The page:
Lots of things can cause your interest in sex – your libido – to fluctuate. Anything from your hormone levels and general health to the state of your relationship and the amount of stress in your life can affect how you feel. In fact, it’s impossible to say what’s normal, or suggest how often we should be having sex.
All that matters is whether you and your partner are content with your sex life. Having a persistently low sex drive is only a problem if it upsets either of you. If you are worried, it can feel difficult to ask for help, but try not to feel anxious or embarrassed because it’s a very common problem and there’s plenty you can do to improve the situation.
Try to work out what might be affecting your libido. Many things help to make us feel ‘in the mood’ and it can be quite difficult to identify what might be missing. Simple reasons such as always staggering into bed exhausted at the end of a long day, or family members sleeping just the other side of a thin partition wall can wipe out any sense of passion. Feeling stressed and changes in your relationship could also affect how you feel. Make a note of the occasions when you do feel like having sex and how it tends to happen or why it doesn’t happen.
While you are thinking about all this, make an appointment to see your GP. They will help you check for common blocks to libido, from a lack of general fitness, low energy levels and mood disorders (depression can really affect your sex life) to possible underlying illness, or even your medication.
Interest in sex typically changes with the menopause. For many, the low levels of female hormones and also testosterone, which plays a part in female sex drive, can make low libido worse. Add to that other complications of the menopause such as lack of sleep, low mood and vaginal dryness, which may make sex painful. These things can all affect how you feel about sex. Speak to your GP if you feel your sex life has been disrupted by the menopause, because there’s lots they can do to help.
Try to factor in some relaxation time to help you wind down from stress and spend time talking to your partner. Regular exercise will help your feel better about your body and lift your mood – exercising together could have added benefits. Relationship counselling, particularly if it gets you and your partner talking, may make a big difference.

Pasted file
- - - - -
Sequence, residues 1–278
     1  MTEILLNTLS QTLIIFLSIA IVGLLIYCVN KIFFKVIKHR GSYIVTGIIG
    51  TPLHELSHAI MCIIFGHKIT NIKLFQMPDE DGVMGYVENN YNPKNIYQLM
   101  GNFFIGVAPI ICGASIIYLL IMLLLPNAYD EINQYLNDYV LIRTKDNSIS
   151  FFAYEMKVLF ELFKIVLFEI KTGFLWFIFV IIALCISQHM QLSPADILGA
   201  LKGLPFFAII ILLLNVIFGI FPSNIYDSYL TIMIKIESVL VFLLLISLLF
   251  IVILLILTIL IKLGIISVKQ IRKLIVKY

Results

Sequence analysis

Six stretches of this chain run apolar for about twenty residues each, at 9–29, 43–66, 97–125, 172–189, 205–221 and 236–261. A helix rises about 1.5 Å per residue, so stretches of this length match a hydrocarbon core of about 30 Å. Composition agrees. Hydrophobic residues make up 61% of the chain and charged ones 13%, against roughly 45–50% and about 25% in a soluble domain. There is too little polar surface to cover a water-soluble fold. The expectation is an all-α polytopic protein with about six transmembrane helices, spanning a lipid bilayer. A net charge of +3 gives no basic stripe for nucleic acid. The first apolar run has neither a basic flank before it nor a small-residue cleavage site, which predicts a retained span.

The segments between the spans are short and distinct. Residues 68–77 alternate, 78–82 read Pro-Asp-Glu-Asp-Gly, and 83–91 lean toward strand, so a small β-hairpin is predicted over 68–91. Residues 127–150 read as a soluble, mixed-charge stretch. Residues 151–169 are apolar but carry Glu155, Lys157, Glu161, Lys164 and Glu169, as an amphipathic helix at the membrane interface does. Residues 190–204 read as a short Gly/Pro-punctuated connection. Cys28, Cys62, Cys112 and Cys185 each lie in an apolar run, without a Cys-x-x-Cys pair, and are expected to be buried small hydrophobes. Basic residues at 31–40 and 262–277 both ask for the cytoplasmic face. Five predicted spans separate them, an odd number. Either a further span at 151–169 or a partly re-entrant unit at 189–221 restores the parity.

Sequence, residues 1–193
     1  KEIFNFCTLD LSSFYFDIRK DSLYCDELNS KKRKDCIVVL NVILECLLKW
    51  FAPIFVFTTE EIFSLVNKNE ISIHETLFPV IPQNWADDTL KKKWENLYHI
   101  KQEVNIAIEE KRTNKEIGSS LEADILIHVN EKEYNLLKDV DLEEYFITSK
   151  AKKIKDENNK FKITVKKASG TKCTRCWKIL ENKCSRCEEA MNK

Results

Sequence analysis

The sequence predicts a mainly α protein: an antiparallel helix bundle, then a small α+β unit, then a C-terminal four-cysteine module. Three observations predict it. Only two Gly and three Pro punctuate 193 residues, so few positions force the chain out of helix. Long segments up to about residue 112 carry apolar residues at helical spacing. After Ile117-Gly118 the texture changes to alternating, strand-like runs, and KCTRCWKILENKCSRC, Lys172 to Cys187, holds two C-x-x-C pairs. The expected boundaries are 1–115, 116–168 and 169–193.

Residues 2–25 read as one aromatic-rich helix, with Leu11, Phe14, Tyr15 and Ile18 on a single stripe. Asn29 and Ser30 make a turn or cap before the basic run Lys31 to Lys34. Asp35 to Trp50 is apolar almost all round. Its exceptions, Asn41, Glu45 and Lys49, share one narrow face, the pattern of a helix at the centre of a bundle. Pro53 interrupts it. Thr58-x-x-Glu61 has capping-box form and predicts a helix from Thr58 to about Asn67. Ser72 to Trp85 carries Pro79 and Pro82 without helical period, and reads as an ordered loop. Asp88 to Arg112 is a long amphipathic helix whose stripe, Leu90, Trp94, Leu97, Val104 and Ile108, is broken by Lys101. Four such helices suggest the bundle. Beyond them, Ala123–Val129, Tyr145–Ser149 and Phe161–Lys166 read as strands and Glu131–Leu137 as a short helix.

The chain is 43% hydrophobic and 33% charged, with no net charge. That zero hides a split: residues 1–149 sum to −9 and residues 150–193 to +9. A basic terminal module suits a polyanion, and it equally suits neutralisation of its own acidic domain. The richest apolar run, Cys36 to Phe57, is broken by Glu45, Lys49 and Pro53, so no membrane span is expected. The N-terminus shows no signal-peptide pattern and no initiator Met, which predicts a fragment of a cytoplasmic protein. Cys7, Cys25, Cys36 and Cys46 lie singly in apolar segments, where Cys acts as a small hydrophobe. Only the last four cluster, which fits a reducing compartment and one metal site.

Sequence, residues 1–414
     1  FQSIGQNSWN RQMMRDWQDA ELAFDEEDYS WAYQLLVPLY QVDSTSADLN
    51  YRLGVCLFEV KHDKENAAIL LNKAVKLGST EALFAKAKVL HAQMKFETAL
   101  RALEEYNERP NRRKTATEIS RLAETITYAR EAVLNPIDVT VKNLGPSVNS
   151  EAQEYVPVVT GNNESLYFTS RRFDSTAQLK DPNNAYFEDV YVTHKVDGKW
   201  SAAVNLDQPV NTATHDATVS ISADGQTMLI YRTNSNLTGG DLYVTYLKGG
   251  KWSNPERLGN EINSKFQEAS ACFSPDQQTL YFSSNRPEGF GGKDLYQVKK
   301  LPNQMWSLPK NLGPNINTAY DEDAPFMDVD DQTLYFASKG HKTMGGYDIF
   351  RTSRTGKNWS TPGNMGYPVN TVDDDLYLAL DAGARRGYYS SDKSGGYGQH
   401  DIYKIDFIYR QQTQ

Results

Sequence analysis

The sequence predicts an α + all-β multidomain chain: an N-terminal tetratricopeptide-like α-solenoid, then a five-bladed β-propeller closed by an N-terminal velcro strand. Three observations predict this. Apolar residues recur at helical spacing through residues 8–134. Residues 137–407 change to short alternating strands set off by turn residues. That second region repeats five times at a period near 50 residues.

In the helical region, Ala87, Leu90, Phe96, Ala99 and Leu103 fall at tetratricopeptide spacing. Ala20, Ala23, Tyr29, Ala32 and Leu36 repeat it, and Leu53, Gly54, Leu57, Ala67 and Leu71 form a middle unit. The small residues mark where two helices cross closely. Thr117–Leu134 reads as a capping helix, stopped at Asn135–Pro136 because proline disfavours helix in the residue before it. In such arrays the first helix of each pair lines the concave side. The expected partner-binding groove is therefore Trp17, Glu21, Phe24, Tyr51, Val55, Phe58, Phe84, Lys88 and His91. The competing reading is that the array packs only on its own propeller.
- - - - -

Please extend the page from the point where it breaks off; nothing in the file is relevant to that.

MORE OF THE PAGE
Unfortunately there isn’t yet a female equivalent of Viagra, but there is a lot of research looking for a drug which will improve female libido. Meanwhile just making a start by spending more time relaxing together may help turn the corner.
Q. I’ve heard that probiotic supplements are good for me – is that true?
Dr Trisha says: Probiotic supplements contain millions of friendly bacteria, which are often recommended as a way to boost the immune system. Research is still limited, but they do seem to help keep the bowel working regularly, and may reduce symptoms of Irritable Bowel Syndrome.
They could also help prevent gastroenteritis, especially when travelling abroad for example, and restore the gut back to normal after an infection. Probiotics have a similar benefit after a course of antibiotics (which wipe out our good bacteria as well as ones causing infection).
Research is now looking at whether they can help prevent cancer of the colon and bladder, rheumatoid arthritis and even diabetes. I’d say they’re definitely a great idea if you’re travelling and in general they are unlikely to do any harm – so it could be argued we should all take them.
- Dr Trisha writes a column every fortnight in Yours magazine. Ask Dr Trisha about your health problems by emailing firstname.lastname@example.org.